their post-army situations. Per CA’s request this practice stopped.
Being able to review the applications of Israelis who previously
received limited visas has been helpful in identifying patterns and
in collecting crucial information about illegal recruitment and work
practices. This, combined with the large number of post-army
Israelis who work illegally on their B1B2 visas, has led Tel Aviv to
re-examine the efficacy of limiting young Israelis’ visas, with a
focus on those who recently finished their military service. We
look forward to a dialogue with CA on this issue.

61.(SBU)There are a variety of reasons described in this cable for
Tel Aviv to re-consider limiting visas of those in the post-military
service age group. Of note is that, while in the military, Israelis
must obtain special permission to vacation abroad and return to
military service or face being charged as a deserter. And for
post-army Israelis, given the widespread and culturally accepted
intentions to work illegally, the idea would be to limit post-army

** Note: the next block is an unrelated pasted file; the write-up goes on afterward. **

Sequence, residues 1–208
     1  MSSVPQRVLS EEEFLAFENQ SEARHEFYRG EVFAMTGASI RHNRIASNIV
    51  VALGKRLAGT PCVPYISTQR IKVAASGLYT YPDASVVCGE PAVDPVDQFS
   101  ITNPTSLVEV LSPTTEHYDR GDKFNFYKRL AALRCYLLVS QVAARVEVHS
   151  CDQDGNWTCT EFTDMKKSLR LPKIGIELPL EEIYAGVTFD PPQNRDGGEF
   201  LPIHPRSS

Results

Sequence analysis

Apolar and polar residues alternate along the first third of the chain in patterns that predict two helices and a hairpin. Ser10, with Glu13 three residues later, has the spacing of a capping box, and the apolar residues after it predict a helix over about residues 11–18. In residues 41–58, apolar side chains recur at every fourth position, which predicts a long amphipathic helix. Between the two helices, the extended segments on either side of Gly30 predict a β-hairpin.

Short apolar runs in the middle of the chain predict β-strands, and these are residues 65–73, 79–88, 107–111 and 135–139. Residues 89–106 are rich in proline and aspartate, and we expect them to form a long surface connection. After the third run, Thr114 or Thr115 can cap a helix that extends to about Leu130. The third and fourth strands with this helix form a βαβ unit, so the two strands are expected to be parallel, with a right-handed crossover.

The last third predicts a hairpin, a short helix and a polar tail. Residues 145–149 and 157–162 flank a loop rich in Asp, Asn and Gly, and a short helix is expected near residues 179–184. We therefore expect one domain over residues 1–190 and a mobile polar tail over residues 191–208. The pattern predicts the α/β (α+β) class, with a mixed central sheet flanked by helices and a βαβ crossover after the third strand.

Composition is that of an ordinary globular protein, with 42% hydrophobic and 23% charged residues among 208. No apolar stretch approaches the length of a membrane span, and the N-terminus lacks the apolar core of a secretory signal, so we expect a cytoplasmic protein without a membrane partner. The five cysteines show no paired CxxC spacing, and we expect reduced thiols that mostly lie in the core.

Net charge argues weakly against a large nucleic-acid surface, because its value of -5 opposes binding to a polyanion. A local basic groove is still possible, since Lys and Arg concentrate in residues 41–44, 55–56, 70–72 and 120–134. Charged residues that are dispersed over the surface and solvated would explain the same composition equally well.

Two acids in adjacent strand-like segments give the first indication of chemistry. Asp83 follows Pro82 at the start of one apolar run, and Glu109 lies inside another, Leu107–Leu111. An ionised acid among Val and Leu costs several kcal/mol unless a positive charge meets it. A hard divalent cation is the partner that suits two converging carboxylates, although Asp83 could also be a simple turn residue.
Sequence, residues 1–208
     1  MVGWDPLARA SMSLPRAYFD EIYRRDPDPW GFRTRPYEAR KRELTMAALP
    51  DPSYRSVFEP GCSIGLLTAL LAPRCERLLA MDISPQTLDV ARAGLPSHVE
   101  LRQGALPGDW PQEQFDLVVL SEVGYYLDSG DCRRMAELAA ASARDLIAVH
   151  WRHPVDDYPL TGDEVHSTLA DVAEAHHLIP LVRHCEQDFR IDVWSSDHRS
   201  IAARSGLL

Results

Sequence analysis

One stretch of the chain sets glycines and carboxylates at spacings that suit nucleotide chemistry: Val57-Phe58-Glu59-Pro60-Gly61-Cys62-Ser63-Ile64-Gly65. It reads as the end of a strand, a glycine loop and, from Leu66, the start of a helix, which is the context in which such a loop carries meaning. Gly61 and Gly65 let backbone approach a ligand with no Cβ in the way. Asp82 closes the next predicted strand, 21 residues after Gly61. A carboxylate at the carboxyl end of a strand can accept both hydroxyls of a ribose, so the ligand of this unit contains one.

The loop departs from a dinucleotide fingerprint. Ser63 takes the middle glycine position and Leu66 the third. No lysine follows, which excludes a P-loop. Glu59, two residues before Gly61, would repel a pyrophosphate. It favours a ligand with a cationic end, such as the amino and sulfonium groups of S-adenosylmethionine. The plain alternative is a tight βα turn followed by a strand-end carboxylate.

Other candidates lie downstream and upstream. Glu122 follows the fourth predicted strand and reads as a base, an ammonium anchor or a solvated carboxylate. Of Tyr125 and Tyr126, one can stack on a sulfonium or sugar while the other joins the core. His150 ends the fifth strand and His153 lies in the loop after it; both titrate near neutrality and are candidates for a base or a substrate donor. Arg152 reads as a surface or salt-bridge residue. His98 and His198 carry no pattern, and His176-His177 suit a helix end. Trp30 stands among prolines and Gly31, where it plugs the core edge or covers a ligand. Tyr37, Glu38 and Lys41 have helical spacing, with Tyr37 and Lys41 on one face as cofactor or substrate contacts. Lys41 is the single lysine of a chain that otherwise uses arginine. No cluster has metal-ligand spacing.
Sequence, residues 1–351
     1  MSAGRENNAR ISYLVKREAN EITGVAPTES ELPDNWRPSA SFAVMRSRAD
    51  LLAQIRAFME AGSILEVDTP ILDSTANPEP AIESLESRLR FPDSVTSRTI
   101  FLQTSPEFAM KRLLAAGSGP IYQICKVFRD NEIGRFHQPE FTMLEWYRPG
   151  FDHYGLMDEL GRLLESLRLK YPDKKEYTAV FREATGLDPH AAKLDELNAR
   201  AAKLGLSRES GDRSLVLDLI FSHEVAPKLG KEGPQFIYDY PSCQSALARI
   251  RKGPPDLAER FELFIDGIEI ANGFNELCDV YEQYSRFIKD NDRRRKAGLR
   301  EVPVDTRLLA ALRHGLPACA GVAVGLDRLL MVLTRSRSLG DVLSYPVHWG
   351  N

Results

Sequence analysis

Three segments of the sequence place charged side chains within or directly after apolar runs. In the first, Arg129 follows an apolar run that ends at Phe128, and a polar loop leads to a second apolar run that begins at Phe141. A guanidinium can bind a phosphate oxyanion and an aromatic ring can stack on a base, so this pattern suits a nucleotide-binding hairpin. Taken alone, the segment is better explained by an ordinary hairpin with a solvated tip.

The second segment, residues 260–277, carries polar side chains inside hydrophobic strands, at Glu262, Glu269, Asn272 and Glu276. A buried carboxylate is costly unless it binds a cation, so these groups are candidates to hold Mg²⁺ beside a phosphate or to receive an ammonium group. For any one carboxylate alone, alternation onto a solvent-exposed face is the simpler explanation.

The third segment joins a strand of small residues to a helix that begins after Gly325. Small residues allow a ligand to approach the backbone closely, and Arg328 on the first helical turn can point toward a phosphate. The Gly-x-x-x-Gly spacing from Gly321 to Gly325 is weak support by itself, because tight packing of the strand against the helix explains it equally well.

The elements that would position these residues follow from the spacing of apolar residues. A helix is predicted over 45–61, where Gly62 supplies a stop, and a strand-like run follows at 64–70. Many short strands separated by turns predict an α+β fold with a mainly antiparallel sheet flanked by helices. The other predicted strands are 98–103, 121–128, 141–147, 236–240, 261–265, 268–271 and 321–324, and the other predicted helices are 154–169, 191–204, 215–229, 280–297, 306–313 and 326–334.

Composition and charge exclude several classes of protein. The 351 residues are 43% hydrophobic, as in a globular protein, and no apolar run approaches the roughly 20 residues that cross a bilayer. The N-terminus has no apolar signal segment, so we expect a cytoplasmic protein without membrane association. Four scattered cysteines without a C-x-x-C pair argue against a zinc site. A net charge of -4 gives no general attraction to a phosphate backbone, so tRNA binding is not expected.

issued visas to one- or multiple- entry for one year (un-annotated),
sharply reducing the time and opportunities to work illegally. This
one year visa limitation idea would also give us more information
about their actual travel versus their stated plans, helping us
better identify mala-fide first time applicants. It should be noted
that Tel Aviv’s interviewing officers have been consciously
evaluating each applicant as an individual and trying not to
discriminate against a broad age-group category. Frustratingly, we
regularly receive reports on Israelis known to be working who
appeared to be solid visa issuance cases during their interviews,
which were based on the best available information regarding their

Visa Waiver Program (VWP) Implications
62.(SBU) While security and biometric requirements are Israel’s key
hurdles to joining the VWP, it now has the added complication of
being over the three percent refusal rate threshold due to post-army
Israelis’ tendency to abuse their visas. Predictably, dual national
Israeli workers with VWP country passports have bypassed Tel Aviv
and entered the United States on their VWP passports. Tel Aviv’s
adjusted refusal rate for host country nationals for B1B2 visas
increased from 1.27 percent in FY 2007 to 4.38 percent in FY 2009.
It appears this rate will climb further; for FY 2010, as of December
30, it was 5.91 percent. Worldwide, the refusal rate for all